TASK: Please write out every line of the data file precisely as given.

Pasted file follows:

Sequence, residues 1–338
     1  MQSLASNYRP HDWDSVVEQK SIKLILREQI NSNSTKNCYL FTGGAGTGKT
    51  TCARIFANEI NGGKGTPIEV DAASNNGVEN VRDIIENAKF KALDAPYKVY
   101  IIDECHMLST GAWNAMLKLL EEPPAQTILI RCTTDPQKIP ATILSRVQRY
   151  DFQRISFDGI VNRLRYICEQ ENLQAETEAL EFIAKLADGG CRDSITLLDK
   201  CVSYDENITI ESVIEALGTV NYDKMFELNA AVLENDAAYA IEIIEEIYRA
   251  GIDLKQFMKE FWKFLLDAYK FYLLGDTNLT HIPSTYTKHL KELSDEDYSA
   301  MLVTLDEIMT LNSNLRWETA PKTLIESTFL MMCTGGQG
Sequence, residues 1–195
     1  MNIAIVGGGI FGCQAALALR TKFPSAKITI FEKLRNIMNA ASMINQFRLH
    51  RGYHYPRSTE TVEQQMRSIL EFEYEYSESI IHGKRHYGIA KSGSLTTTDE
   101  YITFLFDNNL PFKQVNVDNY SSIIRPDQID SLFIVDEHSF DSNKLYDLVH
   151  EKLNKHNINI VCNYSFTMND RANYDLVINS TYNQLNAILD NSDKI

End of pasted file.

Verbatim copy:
Sequence, residues 1–338
     1  MQSLASNYRP HDWDSVVEQK SIKLILREQI NSNSTKNCYL FTGGAGTGKT
    51  TCARIFANEI NGGKGTPIEV DAASNNGVEN VRDIIENAKF KALDAPYKVY
   101  IIDECHMLST GAWNAMLKLL EEPPAQTILI RCTTDPQKIP ATILSRVQRY
   151  DFQRISFDGI VNRLRYICEQ ENLQAETEAL EFIAKLADGG CRDSITLLDK
   201  CVSYDENITI ESVIEALGTV NYDKMFELNA AVLENDAAYA IEIIEEIYRA
   251  GIDLKQFMKE FWKFLLDAYK FYLLGDTNLT HIPSTYTKHL KELSDEDYSA
   301  MLVTLDEIMT LNSNLRWETA PKTLIESTFL MMCTGGQG
Sequence, residues 1–195
     1  MNIAIVGGGI FGCQAALALR TKFPSAKITI FEKLRNIMNA ASMINQFRLH
    51  RGYHYPRSTE TVEQQMRSIL EFEYEYSESI IHGKRHYGIA KSGSLTTTDE
   101  YITFLFDNNL PFKQVNVDNY SSIIRPDQID SLFIVDEHSF DSNKLYDLVH
   151  EKLNKHNINI VCNYSFTMND RANYDLVINS TYNQLNAILD NSDKI